It will not happen to her. I have promised myself that.

Her braid bounces along her back as she darts through the crowd, the red ribbons of her collar fluttering as she moves. She is safe here, perfectly safe: no one would harm a child here, no one would dare.

Let her choose something safe. Something that fits. Something she can take home and keep, and be content.

“Raisy!”

“I’m coming,” I say, lengthening my stride to catch up with her, only to catch my breath when I see where she has stopped.

This is the only aisle where the goods are not laid out in displays, but set back within each stall. You need to enter a seller’s domain to consider their wares.

“Oh. No.”

But I keep it under my breath. You enter the market freely, you shop freely, and she is of age, if only just. I hurry to join her nonetheless, giving a polite nod to the seller who has come to greet her, wanting to warn them away, to grab my sister by the elbow and steer her somewhere, anywhere, else.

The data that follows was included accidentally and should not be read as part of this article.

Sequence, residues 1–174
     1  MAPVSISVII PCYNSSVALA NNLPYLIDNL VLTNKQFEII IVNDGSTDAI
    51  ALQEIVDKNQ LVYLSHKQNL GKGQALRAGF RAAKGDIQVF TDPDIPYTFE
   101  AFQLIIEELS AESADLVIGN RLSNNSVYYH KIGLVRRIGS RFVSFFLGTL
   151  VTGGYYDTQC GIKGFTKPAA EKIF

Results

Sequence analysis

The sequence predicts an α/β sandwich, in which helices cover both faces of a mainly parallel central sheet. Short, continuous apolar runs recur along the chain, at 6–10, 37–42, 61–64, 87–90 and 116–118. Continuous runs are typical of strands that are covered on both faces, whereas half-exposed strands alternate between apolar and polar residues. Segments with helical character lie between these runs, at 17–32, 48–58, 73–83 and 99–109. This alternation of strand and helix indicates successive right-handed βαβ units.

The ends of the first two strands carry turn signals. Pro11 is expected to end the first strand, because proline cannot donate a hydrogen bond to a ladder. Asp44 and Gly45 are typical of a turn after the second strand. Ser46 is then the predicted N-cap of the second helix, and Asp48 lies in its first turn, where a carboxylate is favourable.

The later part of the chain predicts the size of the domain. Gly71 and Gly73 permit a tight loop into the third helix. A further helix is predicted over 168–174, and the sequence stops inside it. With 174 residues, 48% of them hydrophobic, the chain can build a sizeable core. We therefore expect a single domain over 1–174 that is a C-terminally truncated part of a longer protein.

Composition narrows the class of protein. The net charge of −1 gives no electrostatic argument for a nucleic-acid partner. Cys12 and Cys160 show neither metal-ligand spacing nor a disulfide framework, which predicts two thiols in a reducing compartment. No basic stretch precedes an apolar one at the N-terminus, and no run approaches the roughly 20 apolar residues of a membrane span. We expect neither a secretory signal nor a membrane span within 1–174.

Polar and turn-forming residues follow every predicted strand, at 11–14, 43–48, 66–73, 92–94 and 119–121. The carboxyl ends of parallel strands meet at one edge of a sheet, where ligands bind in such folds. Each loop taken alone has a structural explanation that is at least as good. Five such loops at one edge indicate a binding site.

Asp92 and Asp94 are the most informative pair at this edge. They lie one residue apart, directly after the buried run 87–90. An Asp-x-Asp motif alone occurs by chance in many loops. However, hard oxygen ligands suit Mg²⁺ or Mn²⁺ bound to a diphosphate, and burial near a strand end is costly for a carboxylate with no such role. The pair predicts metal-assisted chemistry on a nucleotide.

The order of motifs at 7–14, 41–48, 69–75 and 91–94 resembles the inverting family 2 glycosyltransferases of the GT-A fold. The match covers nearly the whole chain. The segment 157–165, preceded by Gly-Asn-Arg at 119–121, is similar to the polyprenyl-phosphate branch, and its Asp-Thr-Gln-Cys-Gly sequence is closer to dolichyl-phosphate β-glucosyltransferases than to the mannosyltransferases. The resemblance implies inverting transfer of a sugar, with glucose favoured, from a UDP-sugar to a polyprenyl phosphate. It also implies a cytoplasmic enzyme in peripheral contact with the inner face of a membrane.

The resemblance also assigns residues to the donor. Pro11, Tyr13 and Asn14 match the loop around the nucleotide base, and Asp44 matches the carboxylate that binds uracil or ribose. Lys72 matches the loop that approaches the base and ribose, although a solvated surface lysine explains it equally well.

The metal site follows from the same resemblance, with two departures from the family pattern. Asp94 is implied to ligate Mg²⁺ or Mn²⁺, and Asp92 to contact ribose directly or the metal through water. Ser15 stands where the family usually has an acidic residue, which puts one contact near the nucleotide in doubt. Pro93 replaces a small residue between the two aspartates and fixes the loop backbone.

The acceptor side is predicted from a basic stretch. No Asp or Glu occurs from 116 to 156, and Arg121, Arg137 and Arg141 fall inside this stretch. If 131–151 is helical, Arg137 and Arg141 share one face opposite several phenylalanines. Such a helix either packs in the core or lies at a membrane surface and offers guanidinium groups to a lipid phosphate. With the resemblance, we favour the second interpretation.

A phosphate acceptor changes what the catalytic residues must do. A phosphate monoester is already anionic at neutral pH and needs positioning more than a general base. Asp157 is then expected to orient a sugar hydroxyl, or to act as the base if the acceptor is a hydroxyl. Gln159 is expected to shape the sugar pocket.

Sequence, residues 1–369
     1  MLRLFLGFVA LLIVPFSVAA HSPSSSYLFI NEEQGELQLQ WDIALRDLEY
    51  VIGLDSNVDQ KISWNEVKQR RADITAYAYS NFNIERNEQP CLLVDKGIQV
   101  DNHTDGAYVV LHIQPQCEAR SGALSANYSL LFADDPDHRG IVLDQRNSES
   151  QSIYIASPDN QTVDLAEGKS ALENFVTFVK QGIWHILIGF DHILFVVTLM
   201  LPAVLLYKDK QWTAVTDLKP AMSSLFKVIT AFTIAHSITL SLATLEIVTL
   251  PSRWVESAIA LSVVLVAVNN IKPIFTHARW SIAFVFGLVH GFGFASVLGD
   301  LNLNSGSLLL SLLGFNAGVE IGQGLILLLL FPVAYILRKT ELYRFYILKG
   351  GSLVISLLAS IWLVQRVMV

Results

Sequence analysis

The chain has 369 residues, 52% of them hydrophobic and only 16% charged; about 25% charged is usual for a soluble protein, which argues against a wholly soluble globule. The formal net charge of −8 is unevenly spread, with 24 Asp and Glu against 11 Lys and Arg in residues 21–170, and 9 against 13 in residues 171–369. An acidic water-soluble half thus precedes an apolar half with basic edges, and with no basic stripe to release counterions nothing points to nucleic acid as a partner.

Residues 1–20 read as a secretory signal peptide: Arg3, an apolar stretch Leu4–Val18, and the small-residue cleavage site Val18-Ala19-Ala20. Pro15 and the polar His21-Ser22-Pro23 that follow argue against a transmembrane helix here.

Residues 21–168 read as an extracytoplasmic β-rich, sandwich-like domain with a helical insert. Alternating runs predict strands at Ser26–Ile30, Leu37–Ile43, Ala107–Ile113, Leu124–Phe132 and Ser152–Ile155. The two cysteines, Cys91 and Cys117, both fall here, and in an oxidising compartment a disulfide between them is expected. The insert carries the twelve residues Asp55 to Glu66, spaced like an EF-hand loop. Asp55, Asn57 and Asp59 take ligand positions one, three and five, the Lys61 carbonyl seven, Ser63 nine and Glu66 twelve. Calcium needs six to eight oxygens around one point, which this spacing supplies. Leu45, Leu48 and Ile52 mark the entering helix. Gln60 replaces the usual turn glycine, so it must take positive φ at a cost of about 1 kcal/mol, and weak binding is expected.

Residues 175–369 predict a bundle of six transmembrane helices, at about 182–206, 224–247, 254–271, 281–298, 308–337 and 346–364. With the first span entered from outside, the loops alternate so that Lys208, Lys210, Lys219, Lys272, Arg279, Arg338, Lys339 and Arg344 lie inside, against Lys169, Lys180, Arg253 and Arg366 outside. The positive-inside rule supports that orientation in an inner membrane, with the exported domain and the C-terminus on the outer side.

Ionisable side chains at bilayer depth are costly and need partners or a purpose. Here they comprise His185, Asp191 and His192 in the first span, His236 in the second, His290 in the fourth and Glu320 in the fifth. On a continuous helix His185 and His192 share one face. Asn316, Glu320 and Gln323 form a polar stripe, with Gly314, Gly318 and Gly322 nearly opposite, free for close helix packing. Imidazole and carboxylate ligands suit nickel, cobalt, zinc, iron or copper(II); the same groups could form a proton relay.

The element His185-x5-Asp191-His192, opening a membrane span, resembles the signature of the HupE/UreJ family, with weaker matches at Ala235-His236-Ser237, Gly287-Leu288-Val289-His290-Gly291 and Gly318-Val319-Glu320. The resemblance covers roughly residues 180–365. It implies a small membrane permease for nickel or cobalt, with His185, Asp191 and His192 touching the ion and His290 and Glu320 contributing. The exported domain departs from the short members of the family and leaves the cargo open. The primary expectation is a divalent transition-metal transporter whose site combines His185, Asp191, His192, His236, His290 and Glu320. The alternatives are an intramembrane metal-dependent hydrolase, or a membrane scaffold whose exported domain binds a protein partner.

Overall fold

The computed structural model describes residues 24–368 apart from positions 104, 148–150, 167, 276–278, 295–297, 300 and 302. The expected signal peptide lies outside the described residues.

She turns to grin at me over her shoulder, then back to the objects of her fascination. “Look at them, Rais!”

I am looking. Straw cages, and ones carved of quartz or fashioned from glass. Containers with lids, and some without, each one with a set of eyes, staring back.

It is not unheard of to buy something living, at market. But I’ve never heard where it was wise. ​

Living things have shapes of their own.

She bends forward to investigate, dismissing one cage and then another, until she stops. Grey-black fur, and eyes the shimmering green of faraway mines.

“Oh.” The seller and I hear it at the same time. Only the seller smiles.

Laura Anne Gilman

Laura Anne Gilman’s work has been hailed as “a true American myth” by NPR, and praised for her “deft plotting and first-class characters” by Publishers Weekly. She has won the Endeavor Award for The Cold Eye, and been shortlisted for a Nebula, (another) Endeavor, and a Washington State Book Award. Her novels include the Locus-bestselling weird western Devil’s West trilogy, the Cosa Nostradamus urban fantasy series, and the Vineart War trilogy, and the story collections West Winds’ Fool and Darkly Human.

A former New Yorker, she currently lives outside of Seattle with two cats and many deadlines. More details and social media links at lauraannegilman.net.